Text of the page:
Phil: It’s a good question. There are definitely benefits. I think most of the benefits that you see in kind of the are the, the examples of the downsides of being the opposite way. And I’ve known a lot of players who have had been overconfident and kind of stagnated because they refused to, to question their own strategy. I think that yeah, like I said, I probably was too far in the other direction. But yeah, I think the benefits of being wired the way I am, is that you never, you never think you’re too good to learn. You always think you have room to improve. The downsides are, is you’re too quick to doubt yourself, and to lose confidence in yourself, whether it’s, you know, you’re playing in a game and you and you have some bad results and think you can’t beat it. Or you want to make a play, that’s, you know, a little bit riskier, but you kind of don’t trust yourself or you think that that your opponent is, is too good and they’ll figure it out. You think your opponent knows what level you’re on or his level of headache ahead of you, and may shy away from making a good play. Because you think they’re going to figure it out. So those are the problems I’ve run into over my career that I’ve had to kind of push through. But yeah.



Brad: It’s, confidence is a weird word. And I’ve always, I’ve always found it odd, the poker players conundrum of needing to be humble, so that you can learn and continue growing, but also straddling the fence of putting a challenge against anybody in the world to play in, heads up PLO against, right?



Phil: Yeah.



Brad: This is a funny tightrope to walk, especially, you know, for you, I’m alluding to you, I have not challenged the entire world yet.



Phil: Not yet.



Brad: But, not yet. But it’s just a funny, funny mix, personality mix. And I don’t think it’s coincidental that you have had the amount of success that you have had, being so humble, and regularly questioning all the things you do. I think that it can be seen as negative, and there are negative aspects to it. But I would much prefer the humble player, constantly asking questions, and constantly thinking deeper than a player who’s on the other end of the spectrum that just thinks they know all the things and are resistant to growth.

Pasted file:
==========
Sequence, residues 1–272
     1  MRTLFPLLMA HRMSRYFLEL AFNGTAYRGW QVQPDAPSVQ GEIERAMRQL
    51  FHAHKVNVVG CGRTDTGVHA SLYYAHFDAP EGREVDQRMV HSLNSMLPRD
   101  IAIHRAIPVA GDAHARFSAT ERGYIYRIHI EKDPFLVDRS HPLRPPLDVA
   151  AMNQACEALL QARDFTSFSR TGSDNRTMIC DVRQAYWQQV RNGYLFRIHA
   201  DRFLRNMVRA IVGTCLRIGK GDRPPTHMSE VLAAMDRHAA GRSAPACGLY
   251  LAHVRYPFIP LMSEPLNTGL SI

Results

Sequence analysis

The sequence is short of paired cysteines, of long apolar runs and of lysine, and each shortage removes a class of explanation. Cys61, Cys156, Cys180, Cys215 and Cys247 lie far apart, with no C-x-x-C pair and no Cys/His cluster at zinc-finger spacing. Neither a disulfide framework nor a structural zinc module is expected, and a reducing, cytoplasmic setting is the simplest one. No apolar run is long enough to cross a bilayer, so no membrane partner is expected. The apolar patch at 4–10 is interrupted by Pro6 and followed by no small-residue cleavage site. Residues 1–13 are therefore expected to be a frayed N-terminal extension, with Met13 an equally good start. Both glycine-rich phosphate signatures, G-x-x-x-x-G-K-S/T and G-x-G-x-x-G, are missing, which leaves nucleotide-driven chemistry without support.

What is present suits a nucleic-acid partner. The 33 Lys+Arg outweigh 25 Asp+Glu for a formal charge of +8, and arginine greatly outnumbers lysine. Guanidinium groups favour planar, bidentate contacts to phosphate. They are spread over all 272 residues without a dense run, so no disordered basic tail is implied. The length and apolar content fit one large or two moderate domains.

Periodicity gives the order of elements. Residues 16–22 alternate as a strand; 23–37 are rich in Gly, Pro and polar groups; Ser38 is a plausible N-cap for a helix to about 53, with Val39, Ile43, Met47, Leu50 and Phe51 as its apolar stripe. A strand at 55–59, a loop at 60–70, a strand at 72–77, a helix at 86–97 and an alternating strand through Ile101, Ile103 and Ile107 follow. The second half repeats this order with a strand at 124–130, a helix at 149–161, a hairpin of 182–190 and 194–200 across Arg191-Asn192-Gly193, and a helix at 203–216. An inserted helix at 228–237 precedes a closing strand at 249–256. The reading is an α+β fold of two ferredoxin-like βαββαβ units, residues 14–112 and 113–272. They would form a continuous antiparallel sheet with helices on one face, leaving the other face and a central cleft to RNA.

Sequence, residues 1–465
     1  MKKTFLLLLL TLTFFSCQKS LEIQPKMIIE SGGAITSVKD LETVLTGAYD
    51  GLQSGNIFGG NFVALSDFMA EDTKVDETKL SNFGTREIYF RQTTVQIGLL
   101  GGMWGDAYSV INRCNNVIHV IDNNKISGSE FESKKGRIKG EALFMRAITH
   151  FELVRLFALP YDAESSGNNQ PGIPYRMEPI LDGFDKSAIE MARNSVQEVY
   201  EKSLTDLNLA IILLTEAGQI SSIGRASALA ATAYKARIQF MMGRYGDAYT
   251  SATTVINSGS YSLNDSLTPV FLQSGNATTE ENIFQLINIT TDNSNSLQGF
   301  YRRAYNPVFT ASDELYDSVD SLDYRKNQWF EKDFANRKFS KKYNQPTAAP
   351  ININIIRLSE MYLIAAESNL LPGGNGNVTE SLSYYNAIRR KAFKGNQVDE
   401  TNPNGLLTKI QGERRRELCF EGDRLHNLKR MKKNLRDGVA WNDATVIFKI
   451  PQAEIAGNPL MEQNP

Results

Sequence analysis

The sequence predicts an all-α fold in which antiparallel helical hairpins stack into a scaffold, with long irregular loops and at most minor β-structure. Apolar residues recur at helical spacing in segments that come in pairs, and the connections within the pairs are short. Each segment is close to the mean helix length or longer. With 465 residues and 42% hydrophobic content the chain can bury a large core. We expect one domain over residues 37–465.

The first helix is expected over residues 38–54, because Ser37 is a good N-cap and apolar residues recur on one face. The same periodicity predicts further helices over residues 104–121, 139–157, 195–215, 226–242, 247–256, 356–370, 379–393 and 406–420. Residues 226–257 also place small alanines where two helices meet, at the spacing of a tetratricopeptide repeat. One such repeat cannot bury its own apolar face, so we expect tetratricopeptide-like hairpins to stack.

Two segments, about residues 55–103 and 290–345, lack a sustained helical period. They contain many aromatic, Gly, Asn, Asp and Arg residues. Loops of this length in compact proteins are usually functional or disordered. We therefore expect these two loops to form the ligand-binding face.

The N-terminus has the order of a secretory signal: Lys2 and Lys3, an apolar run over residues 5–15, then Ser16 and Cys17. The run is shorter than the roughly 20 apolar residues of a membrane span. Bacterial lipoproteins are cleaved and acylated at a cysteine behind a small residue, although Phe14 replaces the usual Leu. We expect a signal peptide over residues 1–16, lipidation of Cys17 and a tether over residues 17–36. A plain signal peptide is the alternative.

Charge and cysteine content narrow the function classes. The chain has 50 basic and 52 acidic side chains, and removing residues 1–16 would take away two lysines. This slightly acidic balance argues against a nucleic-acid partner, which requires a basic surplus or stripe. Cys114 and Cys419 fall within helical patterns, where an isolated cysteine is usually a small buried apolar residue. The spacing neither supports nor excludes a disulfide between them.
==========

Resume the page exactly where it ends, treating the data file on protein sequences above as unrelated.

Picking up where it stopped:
Phil: Yeah, I would, I would very much agree if we’re talking about, you know, students, or low stakes, small stakes players or people getting into the game, because overconfidence when you don’t know that much is really detrimental or



Brad: Right



Phil: When you think you, think you know a lot and you’re wrong. At the highest levels, though, I think I disagree, and not for any kind of like, logical reason. But more just, anecdotally, most of the people who I know who play very high stakes are very confident. And so, I do think that a lack of confidence can probably get in the way, if you are very, very good. I don’t know why we exactly that is, but it just eah. Anecdotally, a lot of the players who play, who are very, very successful, I, I think kind of lean, overconfident.



Brad: It’s interesting, because I, as you progress, like, like, you have to have humility, but then it’s also like, you have to have confidence in the face of people disagreeing with something, and you have to stick to your, be able to stick to your guns and like, run a big bluff that may look crazy to the world and may look crazy to the people that you interact with. But you have to say, like I can, I’m going to objectively look at this, and then make draw my own conclusion. And if you’re still convinced that you did the right thing, then you know, you have to you do have to have the confidence to stick your guns in a situation like that. And this is probably one of the reasons why I think poker forums degrade over time is you get so many people just agreeing with one another.



Phil: Yeah.



Brad: And folks are afraid to disagree. And even, like in my case, I never really participated in two plus two, because it was like, if you posted an opinion, that’s like, not standard, nobody’s going to care,



Phil: Yeah.



Brad: Like nobody’s going to give it credence, you’re just going to invest a lot of energy into the thing that is just completely ignored. And I just realized, like, okay, I’m never going to be somebody that settles with standard, first of all, and second of all, like, why am I going to spend my time doing this, right? Like, I want to talk to a guy that’s like, yeah, I’m going to look at this objectively, and I’ll tell you if you’re being dumb. However, maybe there’s something good in this that we ought to explore and like, these question marks in the decision tree are often where we can find the edge, right? Like that’s where the edge comes from. And a big edge can come when the community is 100% certain on a thing that is not 100% certain, you know, doesn’t merit 100% certainty.



Phil: Yeah. No, there are a lot of those spots that come up.



Brad: Of course, of course. And let’s go back a little. So, you’re leveling up. How do you, how do you make it to nosebleeds first of all, like, where does where does that transition come from? Is it you’re sit and goes, you start playing cash?